Tag Archives | senses

The Ancient Art Of Self-Induced Hallucination

colorVia Nautilus, Rose Eveleth on meditation as an ancient method of harnessing one’s senses to open new doors of perception:

After five years of practicing meditation, subject number 99003 began to see the lights: “My eyes were closed, [and] there would be what appeared to be a moon-shaped object in my consciousness directly above me… When I let go I was totally enveloped inside this light… I was seeing colors and lights and all kinds of things going on… Blue, purple, red.”

Buddhist literature refers to lights and visions in myriad ways. The Theravada tradition refers to nimitta, an vision of a series of lights seen during meditation that can be taken to represent everything from the meditator’s pure mind to a visual symbol of a real object.

Hallucinations are relatively well-documented in the world of sensory deprivation, and they dovetail with the lights seen by meditators. Where meditators see shimmering ropes, electrical sparks, and rays of light, the sensory deprived might see visual snow, bright sunsets, and luminous fog.

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The Failed Smell Concert Of Sadakichi Hartmann

sadakichiMovies and music are filled with sight and sound, but when will humanity master the expressive and exploratory power of the other senses? The Believer on an ill-fated pre-Surrealist attempt to transport a theater full of people to Japan via a series of perfumes projected by fan:

In the fall of 1902, when he was around thirty-five years old, the papers announced that Mr. Sadakichi Hartmann, the eccentric art critic, would present a short performance entitled “A Trip to Japan in Sixteen Minutes.” The piece was described as a “melody in odors.”

The turn of the twentieth century saw a flurry of sense experimentation. The color organ was patented in 1895, an instrument with colored panels that lit up and changed in time to music. A few years later, one of the first electric organs, the Telharmonium, would have its debut in a specially built concert hall in New York.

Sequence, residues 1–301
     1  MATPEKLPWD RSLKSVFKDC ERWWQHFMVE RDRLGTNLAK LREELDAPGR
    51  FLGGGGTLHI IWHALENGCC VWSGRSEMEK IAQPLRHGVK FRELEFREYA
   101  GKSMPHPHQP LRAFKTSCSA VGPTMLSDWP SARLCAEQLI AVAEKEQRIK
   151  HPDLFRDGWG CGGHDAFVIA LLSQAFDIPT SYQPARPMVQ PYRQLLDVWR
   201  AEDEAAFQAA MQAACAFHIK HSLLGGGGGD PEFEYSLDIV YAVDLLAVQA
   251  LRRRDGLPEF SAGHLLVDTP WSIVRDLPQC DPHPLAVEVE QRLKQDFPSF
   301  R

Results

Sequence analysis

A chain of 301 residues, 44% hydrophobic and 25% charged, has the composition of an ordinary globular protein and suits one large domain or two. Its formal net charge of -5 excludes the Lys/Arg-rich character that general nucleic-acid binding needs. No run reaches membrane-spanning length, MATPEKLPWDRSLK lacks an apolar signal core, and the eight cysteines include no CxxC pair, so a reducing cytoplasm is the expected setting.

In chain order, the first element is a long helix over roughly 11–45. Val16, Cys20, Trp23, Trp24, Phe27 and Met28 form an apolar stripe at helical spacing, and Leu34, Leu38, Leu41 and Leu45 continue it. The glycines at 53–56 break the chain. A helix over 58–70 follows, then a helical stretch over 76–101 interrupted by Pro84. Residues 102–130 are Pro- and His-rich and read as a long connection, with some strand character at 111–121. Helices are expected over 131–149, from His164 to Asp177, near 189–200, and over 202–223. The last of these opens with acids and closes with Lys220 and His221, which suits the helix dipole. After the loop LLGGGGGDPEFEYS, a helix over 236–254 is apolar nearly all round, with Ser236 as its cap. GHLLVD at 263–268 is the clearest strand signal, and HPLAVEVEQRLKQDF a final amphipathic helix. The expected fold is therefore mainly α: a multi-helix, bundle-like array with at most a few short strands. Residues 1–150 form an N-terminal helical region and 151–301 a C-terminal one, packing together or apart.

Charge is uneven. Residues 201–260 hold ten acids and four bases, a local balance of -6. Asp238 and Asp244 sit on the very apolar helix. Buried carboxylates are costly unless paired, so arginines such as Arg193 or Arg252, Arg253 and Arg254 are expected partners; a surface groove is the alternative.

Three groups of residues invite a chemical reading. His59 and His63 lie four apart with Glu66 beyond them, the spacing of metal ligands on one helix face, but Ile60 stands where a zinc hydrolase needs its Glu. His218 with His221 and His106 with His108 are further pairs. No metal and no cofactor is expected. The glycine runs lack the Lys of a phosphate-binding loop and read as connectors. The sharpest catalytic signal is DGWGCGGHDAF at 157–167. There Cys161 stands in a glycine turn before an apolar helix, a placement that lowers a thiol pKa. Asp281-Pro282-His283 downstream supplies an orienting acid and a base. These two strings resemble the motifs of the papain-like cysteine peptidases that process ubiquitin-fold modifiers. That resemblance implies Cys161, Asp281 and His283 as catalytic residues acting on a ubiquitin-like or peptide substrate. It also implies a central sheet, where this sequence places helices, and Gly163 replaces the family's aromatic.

The perfume concert was the featured event on a bill of a casual Sunday pop, held at the enormous entertainment complex known as the New York Theatre.

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A Smell Camera To Record Aromas For Posterity

scent cameraIn a project titled Scent-ography: a post-visual past time, designer Amy Radcliffe has created the MADELEINE, a device which records an odor’s molecular information. Rendered a formula, the unique smell can be subsequently recreated in a laboratory setting:

Our sense of smell is believed to have a direct link to our emotional memory. It is the sense that we react to most instinctually and also the furthest away from being stored or replicated digitally.

The Madeleine is, to all intents and purposes, an analogue odour camera. Based on current perfumery technology, Headspace Capture, The Madeleine works in much the same way as a 35mm camera. Just as the camera records the light information of a visual in order to create a replica The Madeleine records the molecular information of a smell.